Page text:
Photo from The San Francisco Chronicle; Steve Reed

The backup QB ain’t half bad, huh?

You might recall that remark Tom Thibodeau made earlier in the season after Obi Toppin made his first career start against the Toronto Raptors in place of Julius Randle (COVID-19).

Toppin had his flaws, and still does, but those comments felt harsh at the time, and they look pretty dumb from Thibodeau now.

Since Randle was effectively shut down for the season, and the Knicks were ultimately eliminated from postseason contention, we’ve gotten a taste of what Toppin is really made of. He’s even looked like his Summer League self of late, where he is utterly taking over offensive possessions while knowing when to defer to others.

His efficiency from deep has been exceptional to say the least, and he looks all around more fluid within this team’s… scheme? Perhaps Toppin is the scheme itself, because he certainly looks a bit more involved aside from being parked in a corner all game.

He’s come a long way

Last year, I wrote about the steps the Knicks needed to take to groom Toppin to be more comfortable on the court.

I didn’t discuss anything that wasn’t already considered, but looking back at that post, it’s interesting to see just how much almost all the boxes were checked.

Toppin’s coming out party has been a treat. Photo Credit: John Raoux/AP

Toppin’s eFG% has gone up this year, though his percentages across the board are a little wonky compared to his rookie season; he’s shooting 16% worse from 4-14 feet away from the basket this year, and he’s shooting 3% worse from 3PT — all stats per Cleaning the Glass. Nevertheless, he has made a stride with his jump shot, and I saw an interesting tweet about that earlier today:

His mechanics have changed, and seemingly for the better. If he has to take baby steps to develop his jumper, then so be it. Knicks fans can live with a little inefficiency from deep since that was never his strong suit.

Which brings me to his actual strength: attacking the basket. Toppin’s rim % has gone up by four percent, and if you’ve watched the games, you know this comes from more than just dunks. He’s actually adapted to finishing layups, both open and through traffic, using his hang time to his advantage.

He’s even become somewhat of a playmaker with his 10.4% assist rate, good for 65th percentile at his position (up 4 points from last season). We’ve seen this in a lot of ways, and this particular play from the game against Cleveland caught my eye the other day:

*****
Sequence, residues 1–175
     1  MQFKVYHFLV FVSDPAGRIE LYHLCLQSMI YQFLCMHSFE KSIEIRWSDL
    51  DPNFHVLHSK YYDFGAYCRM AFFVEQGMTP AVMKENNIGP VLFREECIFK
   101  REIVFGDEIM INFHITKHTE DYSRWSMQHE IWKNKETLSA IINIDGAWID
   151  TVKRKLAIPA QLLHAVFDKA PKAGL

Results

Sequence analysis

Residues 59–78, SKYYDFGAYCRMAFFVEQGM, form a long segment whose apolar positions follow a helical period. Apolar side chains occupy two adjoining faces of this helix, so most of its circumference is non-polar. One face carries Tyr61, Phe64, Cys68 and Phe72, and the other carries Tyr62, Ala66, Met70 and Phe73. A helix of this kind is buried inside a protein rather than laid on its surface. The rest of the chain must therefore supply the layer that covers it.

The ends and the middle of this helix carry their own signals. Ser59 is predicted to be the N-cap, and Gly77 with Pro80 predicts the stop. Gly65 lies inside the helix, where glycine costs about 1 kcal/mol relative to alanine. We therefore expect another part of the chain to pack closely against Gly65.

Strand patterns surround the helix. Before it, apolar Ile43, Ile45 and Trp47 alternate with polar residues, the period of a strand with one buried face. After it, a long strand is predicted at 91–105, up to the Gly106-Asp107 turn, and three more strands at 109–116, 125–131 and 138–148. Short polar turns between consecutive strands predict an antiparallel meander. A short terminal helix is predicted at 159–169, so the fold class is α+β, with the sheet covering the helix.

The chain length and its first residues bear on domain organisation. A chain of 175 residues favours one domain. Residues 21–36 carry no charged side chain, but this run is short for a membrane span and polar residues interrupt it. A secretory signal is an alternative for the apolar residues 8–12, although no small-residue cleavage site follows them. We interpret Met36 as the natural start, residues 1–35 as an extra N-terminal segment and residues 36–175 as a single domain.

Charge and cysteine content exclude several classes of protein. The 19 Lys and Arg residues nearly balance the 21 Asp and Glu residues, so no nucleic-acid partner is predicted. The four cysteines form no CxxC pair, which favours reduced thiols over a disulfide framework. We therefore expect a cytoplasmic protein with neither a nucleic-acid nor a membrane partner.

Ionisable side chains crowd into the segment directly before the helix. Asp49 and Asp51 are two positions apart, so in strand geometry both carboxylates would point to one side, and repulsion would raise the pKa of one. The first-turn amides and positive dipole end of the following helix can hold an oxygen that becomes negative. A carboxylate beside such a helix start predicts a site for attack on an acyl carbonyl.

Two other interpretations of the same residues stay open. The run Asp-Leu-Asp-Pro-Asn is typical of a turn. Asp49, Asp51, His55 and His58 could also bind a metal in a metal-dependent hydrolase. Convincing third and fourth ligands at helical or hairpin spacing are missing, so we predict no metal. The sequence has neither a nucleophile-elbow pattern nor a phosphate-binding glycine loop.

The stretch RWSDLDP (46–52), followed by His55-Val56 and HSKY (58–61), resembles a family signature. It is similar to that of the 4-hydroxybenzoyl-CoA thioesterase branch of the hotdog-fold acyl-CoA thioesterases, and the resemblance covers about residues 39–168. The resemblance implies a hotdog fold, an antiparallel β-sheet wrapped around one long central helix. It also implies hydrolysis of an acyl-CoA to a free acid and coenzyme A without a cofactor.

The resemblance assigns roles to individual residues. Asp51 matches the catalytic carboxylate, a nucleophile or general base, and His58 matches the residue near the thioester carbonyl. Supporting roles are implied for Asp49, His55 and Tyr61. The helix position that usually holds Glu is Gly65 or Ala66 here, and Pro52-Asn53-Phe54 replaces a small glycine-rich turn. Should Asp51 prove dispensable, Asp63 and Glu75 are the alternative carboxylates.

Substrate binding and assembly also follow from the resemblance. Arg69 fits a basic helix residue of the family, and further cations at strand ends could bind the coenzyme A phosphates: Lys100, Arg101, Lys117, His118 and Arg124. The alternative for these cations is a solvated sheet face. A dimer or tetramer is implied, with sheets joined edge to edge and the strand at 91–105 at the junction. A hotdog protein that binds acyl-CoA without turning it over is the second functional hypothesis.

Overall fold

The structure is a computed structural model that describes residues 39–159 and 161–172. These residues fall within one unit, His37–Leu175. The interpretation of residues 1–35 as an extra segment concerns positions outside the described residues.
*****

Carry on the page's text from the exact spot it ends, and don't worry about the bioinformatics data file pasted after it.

Toppin’s awareness, albeit in a low-pressure situation, is promising. The very fact he made the extra pass, let alone immediately, is enough to warrant praise, and that’s what we’ve so eager to watch all year.

Aside from simply passing, though, is Toppin’s ability to create space and slashing lanes for those around him with his agility and athleticism. This will only prove to be beneficial as his time with the team continues.

Development is real

What’s crazy to me is Thibodeau didn’t trust Toppin sooner. Knicks fans have been calling for Toppin to take the floor more all season because he brings a fluidity and space to the rotation that opens up so many opportunities, myself included.

Why it took until the last seven games to get a true glimpse into Toppin’s evolution is beyond me. Thibodeau looks incompetent for keeping such an impressive prospect locked in a 14 minutes per game cage when he could have been running the floor and increasing the pace for the Knicks all this time.

In fact, the Knicks rank 28th in pace in the league this season per Basketball Reference, after ranking 30th last season.

Thibodeau did right by this team last year. He won a Coach of the Year for turning their woes around. But that so swiftly countered its value. They got bounced in the first round with ease and followed that up with an entire season of stagnancy and repetition of the same old schemes from last year.

Variety is everything, and development is a real tool to implement that variety.

Closing statement

This year was not okay. There are changes that need to be made; whether that involves shaking up the roster or coaching staff is beyond my pay grade.

I can understand keeping things how they are to promote stability and continuity for what feels like the first time in the millennium, but Thibodeau and Randle have to be on the hot seat. They are two of the catalysts to this team’s success, and when they are both underperforming, the rest of the squad pays for it.

No more. Let Toppin get more involved and utilize his skill set in a healthy allotment of minutes.

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